Availity, Jacksonville University Collaborate to Address Nation’s Largest Primary Care Shortage through Nurse Practitioner Education

JACKSONVILLE, Fla., Sept. 22, 2020 /PRNewswire/ — Jacksonville-based Availity, the nation’s largest real-time health information network, announced today a new partnership with Jacksonville University, northeast Florida’s leader in healthcare education, to expand access to primary care for millions of Floridians.

With a $100,000 donation from Availity to establish the Availity Nurse Practitioner Scholars Fund at Jacksonville University, qualified nurse practitioners (NPs) may begin to earn the educational credits needed

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Strategic Education, Inc. and Noodle Partners Unite to Provide Employers with Access to a Variety of Education and Upskilling Programs from the Nation’s Leading Universities

HERNDON, Va. & NEW YORK–(BUSINESS WIRE)–Strategic Education, Inc. (Strategic Education) (NASDAQ: STRA), the parent company of Strayer and Capella Universities, and Noodle Partners, which helps a growing network of colleges and universities use technology and shared services to lower costs while raising capacity and faculty-to-student engagement, announced today that they will join forces to provide employers with a seamless approach to administering tuition assistance benefits. The partnership is designed to ensure the effectiveness of such benefits and to give covered employees access to affordable, relevant education options from top public and private schools.

Using WorkforceEdge, a complete employee education management platform, employees can connect to a wide variety of online undergraduate and graduate programs in Noodle’s network of top public and private universities, and the affordable programs within Strategic Education’s portfolio, including Strayer University and Capella University. WorkforceEdge also serves as the portal for employers to administer and

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‘Science and technology are the key to a nation’s progress’

No country has become a developed nation without developing a scientific and technological open service skills and in this context, institutes like the Council of Scientific & Industrial Research (CSIR) are very important for research progress, said Infosys founder N.R. Narayana Murthy.

He was addressing participants of the online ‘Summer Research Training Programme 2020’organised by the CSIR-North East Institute of Science and Technology (NEIST), Jorhat, Assam. “CSIR laboratories provide an environment of deep thinking, discussing, collaboration, debating, inter-relationary approach to problem solving, data and fact orientation among many other aspects of research. Science is about unravelling the secrets of nature and understanding the reality around us,” he pointed out.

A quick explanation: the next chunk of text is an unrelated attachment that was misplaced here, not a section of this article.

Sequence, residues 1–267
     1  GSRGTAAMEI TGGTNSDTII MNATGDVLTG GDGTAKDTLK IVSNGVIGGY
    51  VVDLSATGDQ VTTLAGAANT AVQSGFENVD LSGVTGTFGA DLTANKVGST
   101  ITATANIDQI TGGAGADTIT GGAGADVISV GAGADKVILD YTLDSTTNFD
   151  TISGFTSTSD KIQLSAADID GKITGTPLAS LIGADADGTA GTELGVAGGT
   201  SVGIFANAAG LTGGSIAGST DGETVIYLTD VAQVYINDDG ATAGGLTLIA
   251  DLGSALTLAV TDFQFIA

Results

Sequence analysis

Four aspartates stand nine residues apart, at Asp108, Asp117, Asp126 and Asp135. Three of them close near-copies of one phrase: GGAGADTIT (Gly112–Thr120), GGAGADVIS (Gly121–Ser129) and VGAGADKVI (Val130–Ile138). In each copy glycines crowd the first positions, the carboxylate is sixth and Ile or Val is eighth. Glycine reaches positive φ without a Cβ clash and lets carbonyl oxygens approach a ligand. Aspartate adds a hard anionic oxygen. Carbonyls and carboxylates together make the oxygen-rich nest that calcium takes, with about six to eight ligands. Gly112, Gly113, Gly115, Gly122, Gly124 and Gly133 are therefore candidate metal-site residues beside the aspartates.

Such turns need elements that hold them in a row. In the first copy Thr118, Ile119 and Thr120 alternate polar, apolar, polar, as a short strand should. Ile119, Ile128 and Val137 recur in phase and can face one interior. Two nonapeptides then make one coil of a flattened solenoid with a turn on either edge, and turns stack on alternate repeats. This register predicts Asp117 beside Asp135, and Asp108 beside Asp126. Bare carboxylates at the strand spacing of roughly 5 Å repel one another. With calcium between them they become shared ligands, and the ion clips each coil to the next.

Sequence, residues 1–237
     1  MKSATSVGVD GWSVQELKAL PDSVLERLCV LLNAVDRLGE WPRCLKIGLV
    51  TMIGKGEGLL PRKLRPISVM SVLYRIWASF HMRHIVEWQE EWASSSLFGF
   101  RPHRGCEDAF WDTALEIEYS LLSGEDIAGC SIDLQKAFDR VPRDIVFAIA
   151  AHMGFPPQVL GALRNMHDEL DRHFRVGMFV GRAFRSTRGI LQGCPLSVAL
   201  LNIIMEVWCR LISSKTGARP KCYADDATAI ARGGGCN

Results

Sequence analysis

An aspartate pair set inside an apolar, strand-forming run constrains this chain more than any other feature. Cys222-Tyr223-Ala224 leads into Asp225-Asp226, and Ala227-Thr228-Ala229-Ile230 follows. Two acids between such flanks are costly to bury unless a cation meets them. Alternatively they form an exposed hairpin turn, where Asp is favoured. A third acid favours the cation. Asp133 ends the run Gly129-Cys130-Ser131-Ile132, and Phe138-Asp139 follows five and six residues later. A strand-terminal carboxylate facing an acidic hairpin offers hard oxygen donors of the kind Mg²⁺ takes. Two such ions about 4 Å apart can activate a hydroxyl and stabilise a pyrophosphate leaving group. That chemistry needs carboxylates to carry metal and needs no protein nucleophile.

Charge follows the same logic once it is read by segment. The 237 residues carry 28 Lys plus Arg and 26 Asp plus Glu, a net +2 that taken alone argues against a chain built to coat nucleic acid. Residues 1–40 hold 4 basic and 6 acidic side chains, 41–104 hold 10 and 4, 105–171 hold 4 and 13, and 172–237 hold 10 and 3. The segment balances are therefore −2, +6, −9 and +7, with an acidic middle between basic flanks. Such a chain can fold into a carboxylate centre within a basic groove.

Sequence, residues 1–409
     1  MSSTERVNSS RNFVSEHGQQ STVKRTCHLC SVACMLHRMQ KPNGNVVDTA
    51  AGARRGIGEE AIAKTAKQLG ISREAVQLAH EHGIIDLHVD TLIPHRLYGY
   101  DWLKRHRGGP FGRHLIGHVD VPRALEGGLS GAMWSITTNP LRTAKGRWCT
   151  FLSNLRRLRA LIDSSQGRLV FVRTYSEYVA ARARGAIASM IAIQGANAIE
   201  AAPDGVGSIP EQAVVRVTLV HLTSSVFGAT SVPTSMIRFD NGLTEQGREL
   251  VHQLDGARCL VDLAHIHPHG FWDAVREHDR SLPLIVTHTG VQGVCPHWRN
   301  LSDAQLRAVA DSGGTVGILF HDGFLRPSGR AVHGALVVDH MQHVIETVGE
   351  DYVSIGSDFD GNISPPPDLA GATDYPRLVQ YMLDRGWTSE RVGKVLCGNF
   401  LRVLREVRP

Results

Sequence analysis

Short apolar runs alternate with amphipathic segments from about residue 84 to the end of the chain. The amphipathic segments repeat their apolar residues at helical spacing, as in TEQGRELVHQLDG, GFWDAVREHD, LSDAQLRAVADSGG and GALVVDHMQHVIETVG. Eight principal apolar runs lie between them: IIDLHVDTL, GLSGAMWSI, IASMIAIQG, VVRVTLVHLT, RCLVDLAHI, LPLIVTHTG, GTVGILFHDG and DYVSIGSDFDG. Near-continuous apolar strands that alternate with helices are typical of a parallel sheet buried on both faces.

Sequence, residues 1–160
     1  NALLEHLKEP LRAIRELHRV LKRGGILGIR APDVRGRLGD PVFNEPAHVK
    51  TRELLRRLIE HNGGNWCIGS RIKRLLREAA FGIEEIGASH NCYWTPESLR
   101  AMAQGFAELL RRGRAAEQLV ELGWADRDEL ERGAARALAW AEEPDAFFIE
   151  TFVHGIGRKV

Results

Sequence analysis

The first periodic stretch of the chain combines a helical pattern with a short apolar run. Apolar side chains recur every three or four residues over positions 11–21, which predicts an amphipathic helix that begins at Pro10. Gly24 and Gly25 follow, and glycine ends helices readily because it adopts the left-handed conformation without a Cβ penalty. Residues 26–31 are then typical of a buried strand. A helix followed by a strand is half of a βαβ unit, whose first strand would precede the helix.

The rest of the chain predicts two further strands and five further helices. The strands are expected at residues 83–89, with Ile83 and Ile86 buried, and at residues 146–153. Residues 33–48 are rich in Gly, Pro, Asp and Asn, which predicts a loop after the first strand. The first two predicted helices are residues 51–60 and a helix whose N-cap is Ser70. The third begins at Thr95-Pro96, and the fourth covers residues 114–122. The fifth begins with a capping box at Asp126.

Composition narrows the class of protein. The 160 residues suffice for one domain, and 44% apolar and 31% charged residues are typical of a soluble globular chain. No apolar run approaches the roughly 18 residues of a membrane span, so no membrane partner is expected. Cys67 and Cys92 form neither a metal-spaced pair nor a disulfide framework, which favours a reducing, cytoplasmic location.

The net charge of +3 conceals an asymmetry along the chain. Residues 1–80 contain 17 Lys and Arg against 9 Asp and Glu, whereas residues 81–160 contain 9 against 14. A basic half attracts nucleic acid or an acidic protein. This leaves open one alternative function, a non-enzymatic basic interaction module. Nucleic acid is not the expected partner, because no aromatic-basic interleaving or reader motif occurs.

NEIST director G. Narahary Sastry, who hails from Hyderabad and has previously worked with IICT here, interviewed Mr. Murthy online where he stated that students should not get “frustrated” upon not getting admission into IITs as “good education is not limited

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First Nations back-to-school COVID-19 funding falls far short, says AFN regional chief

a group of people sitting in a room: First Nations schools, like Sturgeon Lake Central School in Saskatchewan seen in 2018, will be receiving $112 million for COVID-19 back to school preparations, Ottawa announced Wednesday.

© Jason Warick/CBC
First Nations schools, like Sturgeon Lake Central School in Saskatchewan seen in 2018, will be receiving $112 million for COVID-19 back to school preparations, Ottawa announced Wednesday.

The $112 million for COVID-19 back-to-school preparations for First Nations that Ottawa announced on Wednesday falls far short of needs faced by communities, according to the Assembly of First Nations (AFN) regional chief responsible for education. 

Federation of Sovereign Indigenous Nations Chief Bobby Cameron, who is the AFN regional chief for Saskatchewan, said the over 630 First Nations across Canada need about $1 billion to fully prepare for the restart of classes amid the pandemic. 

“Obviously our expectations were much higher,” said Cameron, who holds the education portfolio.

“We should have received $1 billion or close to it and at least we would have a fighting chance to have our schools ready.”

Prime Minister Justin Trudeau announced the $112 million

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Funding to get First Nations kids back to school safely inadequate, critics say

a group of people sitting at a desk

© Provided by The Canadian Press

THUNDER BAY, Ont. — The federal government is under fire for what critics say has been a delayed response in getting back-to-school funding to First Nations amid the COVID-19 pandemic.


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On Wednesday, Ottawa announced up to $2 billion in back-to-school funding for provinces and territories, and another $112 million specifically for on-reserve schools.

The announcement came after Nishnawbe Aski Nation, which represents 49 Ontario First Nations, released a number of public statements accusing the government of dragging its feet on the issue.

Last week, NAN said the government had rejected its request for $33 million in funding, designed to get its nearly 9,000 students back to school safely by providing them with adequate personal protective equipment and sanitization supplies.

Deputy Grand Chief Derek Fox said Thursday the government is now asking NAN to resubmit its request — this time with a

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